The CPA Desk

A Thought Leader Production by PKFTexas

Mid-Year Tax Planning Strategies to Impact Your Business

Tax reform has been a major topic of discussion in Washington, but it’s still unclear exactly what such legislation will include and whether it will be signed into law this year. However, the last major tax legislation that was signed into law — back in December of 2015 — still has a significant impact on tax planning for businesses. Let’s look at three midyear tax strategies inspired by the Protecting Americans from Tax Hikes (PATH) Act:

  1. Buy equipment. The PATH Act preserved both the generous limits for the Section 179 expensing election and the availability of bonus depreciation. These breaks generally apply to qualified fixed assets, including equipment or machinery, placed in service during the year. For 2017, the maximum Sec. 179 deduction is $510,000, subject to a $2,030,000 phaseout threshold. Without the PATH Act, the 2017 limits would have been $25,000 and $200,000, respectively. Higher limits are now permanent and subject to inflation indexing.Additionally, for 2017, your business may be able to claim 50% bonus depreciation for qualified costs in excess of what you expense under Sec. 179. Bonus depreciation is scheduled to be reduced to 40% in 2018 and 30% in 2019 before it’s set to expire on December 31, 2019.
  1. Ramp up research. After years of uncertainty, the PATH Act made the research credit permanent. For qualified research expenses, the credit is generally equal to 20% of expenses over a base amount that’s essentially determined using a historical average of research expenses as a percentage of revenues. There’s also an alternative computation for companies that haven’t increased their research expenses substantially over their historical base amounts.In addition, a small business with $50 million or less in gross receipts may claim the credit against its alternative minimum tax (AMT) liability. And, a start-up company with less than $5 million in gross receipts may claim the credit against up to $250,000 in employer Federal Insurance Contributions Act (FICA) taxes.
  1. Hire workers from “target groups.” Your business may claim the Work Opportunity credit for hiring a worker from one of several “target groups,” such as food stamp recipients and certain veterans. The PATH Act extended the credit through 2019. It also added a new target group: long-term unemployment recipients.Generally, the maximum Work Opportunity credit is $2,400 per worker. But it’s higher for workers from certain target groups, such as disabled veterans.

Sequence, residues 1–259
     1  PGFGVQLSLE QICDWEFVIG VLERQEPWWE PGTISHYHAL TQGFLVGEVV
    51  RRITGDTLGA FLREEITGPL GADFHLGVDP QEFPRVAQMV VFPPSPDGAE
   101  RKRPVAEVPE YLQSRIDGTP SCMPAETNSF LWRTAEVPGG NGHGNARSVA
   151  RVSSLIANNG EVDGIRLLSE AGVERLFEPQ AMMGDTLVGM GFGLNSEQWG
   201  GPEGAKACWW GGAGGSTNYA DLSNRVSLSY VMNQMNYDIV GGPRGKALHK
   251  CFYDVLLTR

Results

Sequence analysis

One last thing to keep in mind is that, in terms of tax breaks, “permanent” only means that there’s no scheduled expiration date. Congress could still pass legislation that changes or eliminates “permanent” breaks. But it’s unlikely any of the breaks discussed here would be eliminated or reduced for 2017. To keep up to date on tax law changes and get a jump start on your 2017 tax planning, contact us.

Tips to Follow When Selling a Business

Jen:  This is the PKF Texas Entrepreneur’s Playbook.  I’m Jen Lemanski, this week’s guest host, and I’m back with Martin Euson, one of our tax directors on our Transaction Advisory Services team; Martin, welcome back to the Playbook.

Martin:  Thank you Jen, a pleasure to be here.

Jen:  So last time we had you here we were talking about buying a company.  A lot of our clients are looking to sell their company, what are some of the key considerations they need to be thinking about when they’re selling their company?
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When does your nonprofit owe UBIT on investment income?

In recent years, the IRS has increased its scrutiny of not-for-profits’ unrelated business income (UBI). Dividends, interest, rents, annuities and other investment income generally are excluded when calculating unrelated business income tax (UBIT). However, there are two exceptions where such income is taxable.

1. Debt-financed property

When your nonprofit incurs debt to acquire an income-producing asset, the portion of the income or gain that’s debt-financed is generally taxable UBI. Such assets are usually real estate, but could also be stocks, tangible personal property or other investments purchased with borrowed funds. Income-producing property is debt-financed if, at any time during the tax year, it had outstanding “acquisition indebtedness.”